Mario Hossen: Classical music is a spiritual journey

It is like a message that allows us to feel as part of the divine spark

Children do not necessarily have to become professional classical musicians, but the very interaction through the instrument, the opportunity to express their thoughts and emotions not with words but sounds, will enrich their world tremendously, virtuoso violinist Mario Hossen says in an interview to BTA.

Mr Hossen, you are considered to be one of the best interpreters of Paganini. Music critics call you a “reincarnation of Paganini” and “the Bulgarian Paganini”. What does the work of this particular composer mean to you?

Paganini is a philosophy, an outlook on life, and his music has helped me see both the world of music and the world around me from a different viewpoint. I have been playing his works since I was a child, and I am truly happy that performing this great composer's musical scores has always come naturally to me. Besides my favourite composer, Paganini is a passion of mine, so it is no coincidence that I have dedicated much of my creative energy to his works. I am happy that one of my childhood dreams came true in 2018, having been chosen by the Paganini Society and by the composer's descendants personally, as well as by the leading Italian record label Dynamic, to be the last performer (in a series of recordings for a 40-CD complete edition of Paganini's works) of seven of his unrecorded and never-before-performed pieces in their original versions. So being the one to conclude a cycle - nearly 180 years after Paganini's death - which encompassed world-level performers, is a privilege and a blessing and I am grateful that the universe made me fortunate enough to be given this responsibility and honour.

Can you describe what it is like to enter the world of classical music? Does it give a person something unique?

Classical music is a spiritual language, spiritual journey. The vibrations contained in its message can reach any human being, any living creature. It is no coincidence that the father of music, of the European cultural tradition - Orpheus - has become a symbol not only as a musician but as a healer, a spiritual leader, and a king as well, namely through the power of music. Classical music is the highest form of this message, which allows us to feel like a part of the divine spark that is human life.

Can anyone on their own, without support, enter this world?

Naturally, although society plays a big part in this respect. It is very important that the state, at all levels, encourages the introduction of children to music and musical instruments from a very young age and opens this entire world to them through educational programmes. Children do not necessarily have to become professional classical musicians, but the very interaction through the instrument, the opportunity to express their thoughts and emotions not with words but sounds, will enrich their world tremendously. I think that every country devoting considerable attention to education and culture has a bright future.

You agreed to be the soloist in a concert of the Pleven Philharmonic dedicated to Pancho Vladigerov. Why?

For me, it was a great pleasure to open the series of performances at the Pancho Vladigerov concert, and with the Pleven Philharmonic in particular. I had the honour of performing this exceptional concert (Concert for Violin and Orchestra No. 1) to mark the 120th anniversary from the birth of the great Bulgarian composer in one of the best halls in Bulgaria in a city with rich traditions. As we know, Vladigerov's Concert No. 1 is the very first instrumental concert written by a Bulgarian composer. He created this work at the young age of 20, and it quickly became popular and was played at the biggest festivals and concert halls around the world. Performing this piece is a challenge and an adventure for me.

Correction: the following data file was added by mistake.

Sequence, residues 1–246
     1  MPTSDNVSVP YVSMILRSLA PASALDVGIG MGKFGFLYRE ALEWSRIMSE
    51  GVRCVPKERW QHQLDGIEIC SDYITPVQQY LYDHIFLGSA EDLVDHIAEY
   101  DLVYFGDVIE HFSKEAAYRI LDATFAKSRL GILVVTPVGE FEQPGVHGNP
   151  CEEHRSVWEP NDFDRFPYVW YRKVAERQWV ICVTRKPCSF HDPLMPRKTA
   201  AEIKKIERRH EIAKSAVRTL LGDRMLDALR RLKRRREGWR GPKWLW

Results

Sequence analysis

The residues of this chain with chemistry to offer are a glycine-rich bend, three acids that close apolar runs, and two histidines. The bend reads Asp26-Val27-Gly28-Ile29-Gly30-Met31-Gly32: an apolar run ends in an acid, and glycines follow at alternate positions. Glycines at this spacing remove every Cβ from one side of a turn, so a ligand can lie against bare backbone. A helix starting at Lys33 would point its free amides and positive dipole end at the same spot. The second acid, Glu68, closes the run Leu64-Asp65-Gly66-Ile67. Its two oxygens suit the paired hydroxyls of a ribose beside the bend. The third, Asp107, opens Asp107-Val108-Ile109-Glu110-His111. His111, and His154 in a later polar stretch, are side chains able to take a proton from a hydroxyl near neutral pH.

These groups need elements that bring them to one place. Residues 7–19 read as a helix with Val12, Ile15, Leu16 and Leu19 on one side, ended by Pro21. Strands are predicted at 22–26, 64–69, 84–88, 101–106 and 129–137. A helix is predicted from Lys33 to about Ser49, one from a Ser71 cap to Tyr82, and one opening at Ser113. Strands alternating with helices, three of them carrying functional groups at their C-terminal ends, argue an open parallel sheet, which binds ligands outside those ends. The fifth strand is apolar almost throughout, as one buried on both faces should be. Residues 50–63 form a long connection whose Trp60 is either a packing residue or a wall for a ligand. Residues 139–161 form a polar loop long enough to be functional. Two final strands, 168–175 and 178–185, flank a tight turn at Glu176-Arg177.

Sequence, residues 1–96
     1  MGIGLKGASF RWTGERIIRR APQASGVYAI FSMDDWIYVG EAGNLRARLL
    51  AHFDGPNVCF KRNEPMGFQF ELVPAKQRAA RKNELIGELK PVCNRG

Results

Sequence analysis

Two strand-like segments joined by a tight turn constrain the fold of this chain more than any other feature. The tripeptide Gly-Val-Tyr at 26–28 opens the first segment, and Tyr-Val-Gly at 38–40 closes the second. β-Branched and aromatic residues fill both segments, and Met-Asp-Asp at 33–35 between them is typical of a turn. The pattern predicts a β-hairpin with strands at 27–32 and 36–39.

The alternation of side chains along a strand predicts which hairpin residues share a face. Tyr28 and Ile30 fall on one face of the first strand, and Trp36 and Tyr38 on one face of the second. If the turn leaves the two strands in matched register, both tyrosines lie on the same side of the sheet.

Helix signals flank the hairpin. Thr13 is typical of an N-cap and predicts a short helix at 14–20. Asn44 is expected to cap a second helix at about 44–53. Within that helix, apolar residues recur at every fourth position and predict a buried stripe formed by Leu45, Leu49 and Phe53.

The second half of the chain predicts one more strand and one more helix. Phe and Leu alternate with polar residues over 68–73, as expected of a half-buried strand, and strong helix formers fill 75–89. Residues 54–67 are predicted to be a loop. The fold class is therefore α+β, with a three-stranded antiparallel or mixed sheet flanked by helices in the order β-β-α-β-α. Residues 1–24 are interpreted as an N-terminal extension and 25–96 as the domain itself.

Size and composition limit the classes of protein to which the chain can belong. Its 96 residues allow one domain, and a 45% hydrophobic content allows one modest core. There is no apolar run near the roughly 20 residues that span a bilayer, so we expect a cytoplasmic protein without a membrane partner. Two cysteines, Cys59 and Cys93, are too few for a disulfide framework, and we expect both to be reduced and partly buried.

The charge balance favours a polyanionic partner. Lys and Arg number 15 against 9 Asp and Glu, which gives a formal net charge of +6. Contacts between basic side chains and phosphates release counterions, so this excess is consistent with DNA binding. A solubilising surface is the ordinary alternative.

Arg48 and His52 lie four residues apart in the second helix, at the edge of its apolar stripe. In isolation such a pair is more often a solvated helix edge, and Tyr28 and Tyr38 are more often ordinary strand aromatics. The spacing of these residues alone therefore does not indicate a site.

What was it like to work with the Pleven Philharmonic?

The Pleven Philharmonic is an amazing ensemble of professionals. Working with this orchestra is a truly pleasant experience. My collaboration with the philharmonic and the Pleven audience was a pleasure.

What is next on your busy worldwide schedule?

Many interesting and exciting concerts and encounters, both in Bulgaria and abroad. I am also continuing to study Paganini's work as the editor of research for a prestigious publishing house in Vienna. It is a major, ambitious project. We are releasing volume 3 of the series - works for violin and orchestra. Next will be the publication of musical scores and orchestra material of all of Paganini's works. At the same time, I have concerts in Switzerland, Italy and China, which will also be exciting experiences and I cannot wait for them. Last but not least, I have classes with my beloved students, who I believe are the future Bulgarian masters of the violin.

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Mario Hossen received his musical education in Sofia, Vienna and Paris. He made his debut as a soloist with an orchestra at the age of eight. As a concert soloist of international acclaim, he has performed with renowned orchestras such as the English Chamber Orchestra, the Tchaikovsky Symphony Orchestra of Moscow Radio, the Academy of St Martin in the Fields, and the Royal Philharmonic. He has performed together with outstanding musicians like Vladimir Fedoseyev, Bruno Canino, Philippe Bernold, Gerard Poulet, Adrian Oetiker, Gerard Causse, Georges Pludermacher and Jean-Bernard Pommier, to mention just a few. Hossen plays a violin by Giovanni Battista Guadagnini, Milan 1749, on loan from the Oesterreichische Nationalbank's collection.

In January, Hossen appeared as a soloist of the Pleven Philharmonic in a grand concert marking the 120th anniversary from the birth of the great Bulgarian composer Pancho Vladigerov.

 

 

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